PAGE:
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Cheshire Police announce knife crime crackdown

Cheshire Constabulary has announced that officers have been increasing efforts in tackling knife crime recently, as part of a national week of action.

The national push to reduce the impact of knife crime in communities saw Operation Sceptre run for the week between 15th May and 21st May. Despite Cheshire continuing to have one of the nation’s lowest rates of knife crime, the force has said that it is remaining determined to reduce the number of bladed weapons that are being carried. This follows a recent rise in possession offences as officers utilise a more proactive approach to stop and search.

Superintendent Andy Blizard, Cheshire’s Knife Crime Lead, said:

“We are extremely proud that Cheshire continues to see low levels of knife-related incidents, especially as knife crime is a growing issue nationally.

“However, having recently stepped up our approach to stop and search, we have seen a significant rise in people possessing bladed weapons; this mentality of needing to carry a knife to feel safe is something that Operation Sceptre has played a significant part in challenging.

“At Cheshire Constabulary we have a structured prepare, protect, pursue, and prevent approach for tackling knife crime that involves working with our various partner agencies, including local authorities, third sector organisations, youth representatives and community groups.

“The national week of action has been an opportunity to showcase the hard work of our officers and the initiatives we deploy to tackle the use of knives and other weapons.”

Operation Sceptre will be run over two weeks during the year t is offering a chance to identify the work being done by police officers to achieve a weapons-free Cheshire. One way that work on reducing the effects of knife crime is being increased is through knife sweep operations in parks and residential areas, with positive results being yielded. As part of this measure, 31 sweeps were conducted across the county, with only two blades being recovered.

Alongside the sweeps, 77 stop searches were conducted around the county, with ten of these resulting in knife-related arrests being made.

Police and Crime Commissioner for Cheshire, John Dwyer, said:

“Preventing and tackling crime is a priority in my Police and Crime Plan and each knife that has been surrendered or recovered by the police during Operation Sceptre could represent a life saved and contributes to making Cheshire an even safer place.

“Operation Sceptre provides an opportunity for agencies to come together to address the problem of knife crime, acting as a force for wider societal change. Knife crime isn’t something the police can tackle on their own, so the engagement between local policing teams, community groups and businesses will make it even more achievable.”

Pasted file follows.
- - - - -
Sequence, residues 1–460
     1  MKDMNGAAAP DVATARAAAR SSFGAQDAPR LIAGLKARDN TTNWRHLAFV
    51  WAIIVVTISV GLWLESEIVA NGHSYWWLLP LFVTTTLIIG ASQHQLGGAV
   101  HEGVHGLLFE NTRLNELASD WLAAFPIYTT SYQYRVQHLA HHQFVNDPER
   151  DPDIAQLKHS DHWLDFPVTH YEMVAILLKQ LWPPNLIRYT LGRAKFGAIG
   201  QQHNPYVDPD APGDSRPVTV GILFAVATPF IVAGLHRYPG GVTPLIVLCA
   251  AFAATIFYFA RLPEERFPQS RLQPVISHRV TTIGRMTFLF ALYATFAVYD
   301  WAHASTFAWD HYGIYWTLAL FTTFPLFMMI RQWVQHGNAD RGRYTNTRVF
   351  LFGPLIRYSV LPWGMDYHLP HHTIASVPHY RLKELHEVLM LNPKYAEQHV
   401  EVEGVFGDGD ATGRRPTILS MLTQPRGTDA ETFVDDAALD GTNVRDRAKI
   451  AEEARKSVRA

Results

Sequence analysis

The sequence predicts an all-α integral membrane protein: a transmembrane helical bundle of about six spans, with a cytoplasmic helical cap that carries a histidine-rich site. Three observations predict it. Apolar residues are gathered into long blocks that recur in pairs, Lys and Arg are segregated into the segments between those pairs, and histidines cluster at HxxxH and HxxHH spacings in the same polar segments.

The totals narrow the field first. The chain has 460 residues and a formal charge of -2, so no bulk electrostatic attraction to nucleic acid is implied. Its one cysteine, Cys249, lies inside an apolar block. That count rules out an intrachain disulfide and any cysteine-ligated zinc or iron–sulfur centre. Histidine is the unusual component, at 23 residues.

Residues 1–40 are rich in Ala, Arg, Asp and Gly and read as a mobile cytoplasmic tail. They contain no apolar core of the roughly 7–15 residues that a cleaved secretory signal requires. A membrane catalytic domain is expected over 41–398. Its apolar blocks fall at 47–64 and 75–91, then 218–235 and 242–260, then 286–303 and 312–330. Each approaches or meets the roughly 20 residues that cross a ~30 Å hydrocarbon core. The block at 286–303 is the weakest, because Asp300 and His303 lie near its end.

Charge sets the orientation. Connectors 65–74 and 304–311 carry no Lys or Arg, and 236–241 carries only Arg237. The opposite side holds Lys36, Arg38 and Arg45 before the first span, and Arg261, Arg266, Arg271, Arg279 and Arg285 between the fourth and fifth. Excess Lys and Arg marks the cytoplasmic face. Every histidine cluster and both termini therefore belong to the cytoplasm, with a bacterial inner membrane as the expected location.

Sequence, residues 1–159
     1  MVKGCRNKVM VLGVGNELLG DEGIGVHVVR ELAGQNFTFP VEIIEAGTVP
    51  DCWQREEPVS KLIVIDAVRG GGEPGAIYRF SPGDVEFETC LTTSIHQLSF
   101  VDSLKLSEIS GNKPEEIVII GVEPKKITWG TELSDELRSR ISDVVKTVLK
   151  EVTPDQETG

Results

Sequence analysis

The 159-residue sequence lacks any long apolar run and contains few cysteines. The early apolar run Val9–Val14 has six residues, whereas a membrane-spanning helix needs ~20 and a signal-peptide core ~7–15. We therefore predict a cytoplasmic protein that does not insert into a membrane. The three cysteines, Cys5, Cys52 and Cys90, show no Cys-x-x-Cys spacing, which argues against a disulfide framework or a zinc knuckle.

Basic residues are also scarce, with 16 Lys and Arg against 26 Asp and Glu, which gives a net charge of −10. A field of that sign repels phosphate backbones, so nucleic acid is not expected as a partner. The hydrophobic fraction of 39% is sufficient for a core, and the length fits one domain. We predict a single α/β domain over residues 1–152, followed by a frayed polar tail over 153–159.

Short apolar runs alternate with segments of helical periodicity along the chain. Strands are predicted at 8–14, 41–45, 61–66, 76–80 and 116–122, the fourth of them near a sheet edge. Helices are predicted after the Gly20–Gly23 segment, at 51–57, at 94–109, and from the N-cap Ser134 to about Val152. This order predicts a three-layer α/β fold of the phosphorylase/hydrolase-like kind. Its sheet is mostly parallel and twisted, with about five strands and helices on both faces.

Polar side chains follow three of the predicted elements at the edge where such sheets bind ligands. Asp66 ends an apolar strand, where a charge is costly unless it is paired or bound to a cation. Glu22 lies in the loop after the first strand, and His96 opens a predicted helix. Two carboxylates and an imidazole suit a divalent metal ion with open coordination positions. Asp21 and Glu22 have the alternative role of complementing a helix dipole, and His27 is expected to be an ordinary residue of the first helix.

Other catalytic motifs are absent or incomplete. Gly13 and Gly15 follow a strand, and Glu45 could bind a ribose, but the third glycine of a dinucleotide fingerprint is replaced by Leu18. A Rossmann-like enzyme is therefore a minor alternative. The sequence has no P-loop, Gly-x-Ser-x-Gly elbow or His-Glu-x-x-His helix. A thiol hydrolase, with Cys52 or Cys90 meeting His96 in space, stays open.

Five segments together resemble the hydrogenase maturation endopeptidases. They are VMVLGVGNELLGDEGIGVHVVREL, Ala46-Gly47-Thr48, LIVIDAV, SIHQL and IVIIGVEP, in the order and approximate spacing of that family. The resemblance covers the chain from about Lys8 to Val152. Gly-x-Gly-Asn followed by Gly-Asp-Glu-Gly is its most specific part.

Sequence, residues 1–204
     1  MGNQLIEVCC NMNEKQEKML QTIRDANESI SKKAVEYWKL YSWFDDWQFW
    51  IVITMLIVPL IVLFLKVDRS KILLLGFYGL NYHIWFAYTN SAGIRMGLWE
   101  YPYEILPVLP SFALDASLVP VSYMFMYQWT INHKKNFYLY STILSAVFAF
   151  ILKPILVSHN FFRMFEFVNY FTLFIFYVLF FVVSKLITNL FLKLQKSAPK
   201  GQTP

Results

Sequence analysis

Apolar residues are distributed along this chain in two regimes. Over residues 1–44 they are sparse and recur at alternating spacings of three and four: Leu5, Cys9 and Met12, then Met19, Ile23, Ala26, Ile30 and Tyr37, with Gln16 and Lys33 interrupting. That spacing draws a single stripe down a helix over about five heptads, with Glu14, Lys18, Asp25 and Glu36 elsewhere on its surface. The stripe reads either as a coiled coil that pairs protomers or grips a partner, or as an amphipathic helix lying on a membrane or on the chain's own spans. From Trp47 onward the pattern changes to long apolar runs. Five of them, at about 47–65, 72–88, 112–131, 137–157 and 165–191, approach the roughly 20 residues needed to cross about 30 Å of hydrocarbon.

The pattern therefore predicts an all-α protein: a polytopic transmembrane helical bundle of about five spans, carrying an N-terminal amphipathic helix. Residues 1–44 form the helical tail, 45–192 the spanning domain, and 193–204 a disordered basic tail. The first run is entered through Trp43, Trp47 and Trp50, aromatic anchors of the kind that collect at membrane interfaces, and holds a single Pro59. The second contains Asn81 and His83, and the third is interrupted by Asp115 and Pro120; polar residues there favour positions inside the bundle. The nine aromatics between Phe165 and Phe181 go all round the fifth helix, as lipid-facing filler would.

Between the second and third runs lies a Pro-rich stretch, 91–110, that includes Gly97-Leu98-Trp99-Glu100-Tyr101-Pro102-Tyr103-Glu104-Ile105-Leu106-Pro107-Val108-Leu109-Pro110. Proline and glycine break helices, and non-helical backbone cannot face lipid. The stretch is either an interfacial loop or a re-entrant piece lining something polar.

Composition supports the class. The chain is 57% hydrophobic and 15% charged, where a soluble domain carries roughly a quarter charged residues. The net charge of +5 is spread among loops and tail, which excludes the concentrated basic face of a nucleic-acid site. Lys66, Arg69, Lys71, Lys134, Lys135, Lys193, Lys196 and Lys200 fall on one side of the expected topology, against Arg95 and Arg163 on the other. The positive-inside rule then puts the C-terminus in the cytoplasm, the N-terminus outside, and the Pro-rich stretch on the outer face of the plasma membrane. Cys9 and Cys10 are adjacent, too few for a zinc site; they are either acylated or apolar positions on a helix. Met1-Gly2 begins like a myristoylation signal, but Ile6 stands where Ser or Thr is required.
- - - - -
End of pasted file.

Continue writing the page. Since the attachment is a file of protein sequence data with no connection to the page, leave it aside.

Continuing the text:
Whilst reduction in crime was the main goal, this initial week of Operation Sceptre saw notable engagement between partner organisations and the wider Cheshire community. More than 180 bladed weapons were voluntarily surrendered by members of the public, with these being put into more than 40 knife surrender bins across Cheshire. Chester’s Local Policing Unit held a drop-in knife awareness session in the centre of the city, using the opportunity to display several seized knives and weapons and help the public to keep those items off the streets.

In Disley, officers from Macclesfield North and Poynton saw more than 90 knives voluntarily handed over as part of an overwhelming turn out from the community. This was complimented by work in Crewe, the current home of the Knife Angel Sculpture, where officers from the Local Policing Unit collaborated with the Safer Cheshire East Partnership and charity CrimeBeat to provide a programme of activities.

Crewe officers with the Knife Angel sculpture

Credit: Cheshire Constabulary


Crewe Local Policing Unit has also partnered with the Knifesavers organisation, with the LPU being allocated funding for the rollout of a number of ambulance-grade Bleed Control Kits across the town. Establishments that get involved will also be provided training. During the week of Operation Sceptre, officers invited youth and volunteer groups, colleges, and local businesses to join a training session on how to treat knife wounds of all severities. This ranged from minor lacerations to wounds that cause severe bleeding and internal damage.

Sergeant Steve Tandy, Crewe Local Police Unit, added:

“With the Knife Angel having returned to the county this month, along with the launch of Operation Sceptre last week, there has been no better time to highlight the outstanding efforts from our officers in keeping knife-related incidents across our region low.

“The recent securing of funding to distribute these several game-changing Bleed Kits to several organisations across Crewe, we can limit the number of any potential fatalities or life-changing injuries at the hands of knife crime.”

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